The funny thing is, despite pretentious boosters of one modern VCS after another arguing that their lack of a feature is a feature in and of itself, and that I'm stupid for having different needs than them, ancient CVS does *exactly* what I need it to do. (Proprietary Perforce is even better, though I'd prefer something open source). So until its competitors catch up with its state-of-the-art 1990's technology, I'm going to keep using CVS.

Comment Re:About CVS Only! Not SVN! (Score 3, Interesting) 245

CVS should die though, yes. Move to SVN or Git depending on your particular needs.

My particular needs are to (1) check out only a subset of files, because those files are binary and very large, and (2) permanently delete those files that I know I will no longer need. Unfortunately, neither SVN nor Git meets those needs, but CVS does. (And as much as I like SVN, rebuilding the entire repository doesn't count for (2)).

Comment Re:Some appointments are forever! (Score 1) 366

The burns were extremely severe. And they were her fault.

That lawsuit was premised on hot coffee being a "defective product," such that the McDonald's would be strictly liable. But most of us are aware -- and expect -- that coffee is routinely made with boiling water. Moreover she shouldn't have put it in her lap. When she did, and it spilled, her insurance should have been on the hook for the damages, not McD's.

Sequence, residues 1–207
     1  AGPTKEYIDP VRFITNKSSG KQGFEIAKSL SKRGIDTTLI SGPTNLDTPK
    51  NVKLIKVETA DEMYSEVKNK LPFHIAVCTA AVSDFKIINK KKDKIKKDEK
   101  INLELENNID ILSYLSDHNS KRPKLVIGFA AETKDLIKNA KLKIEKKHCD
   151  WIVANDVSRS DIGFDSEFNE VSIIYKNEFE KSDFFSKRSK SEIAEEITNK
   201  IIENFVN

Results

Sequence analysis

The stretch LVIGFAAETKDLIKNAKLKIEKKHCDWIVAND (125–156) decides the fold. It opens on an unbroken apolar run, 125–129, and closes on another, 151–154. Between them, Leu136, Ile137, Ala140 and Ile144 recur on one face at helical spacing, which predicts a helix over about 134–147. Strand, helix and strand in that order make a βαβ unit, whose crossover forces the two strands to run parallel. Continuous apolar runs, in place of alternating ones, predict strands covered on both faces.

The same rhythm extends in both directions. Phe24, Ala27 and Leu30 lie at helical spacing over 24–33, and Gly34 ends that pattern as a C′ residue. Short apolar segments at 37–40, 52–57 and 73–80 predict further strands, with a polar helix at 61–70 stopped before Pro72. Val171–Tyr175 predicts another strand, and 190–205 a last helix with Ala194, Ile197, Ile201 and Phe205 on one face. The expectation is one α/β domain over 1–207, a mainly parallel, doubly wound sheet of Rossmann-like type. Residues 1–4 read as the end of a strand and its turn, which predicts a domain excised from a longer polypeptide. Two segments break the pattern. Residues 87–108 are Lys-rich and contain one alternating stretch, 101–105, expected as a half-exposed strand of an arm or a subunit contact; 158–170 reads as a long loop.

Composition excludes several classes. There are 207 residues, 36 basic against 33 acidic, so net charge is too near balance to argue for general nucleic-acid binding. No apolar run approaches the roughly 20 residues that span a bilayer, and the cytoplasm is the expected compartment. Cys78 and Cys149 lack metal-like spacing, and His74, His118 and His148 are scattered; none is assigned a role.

I'm quite sorry for her -- I've stupidly spilled coffee in my lap, and it hurt like hell. But that was my fault, and no one else's.

Comment Re:history in motion, transiting from hooliganism (Score 1) 225

Seriously, your stuffed-full-of-mail strawman is still a strawman, and a rather absurd one at that. Do you think that the NYSE has a little mailslot out in the front door, so that if you send a letter, the postman just tosses it in, and if 9,999,999 others send a letter, they keep piling them in the little slot until they're piling up so much in the hallway that no one can push the front door open with all the mail? Is that really the image that you have in your head?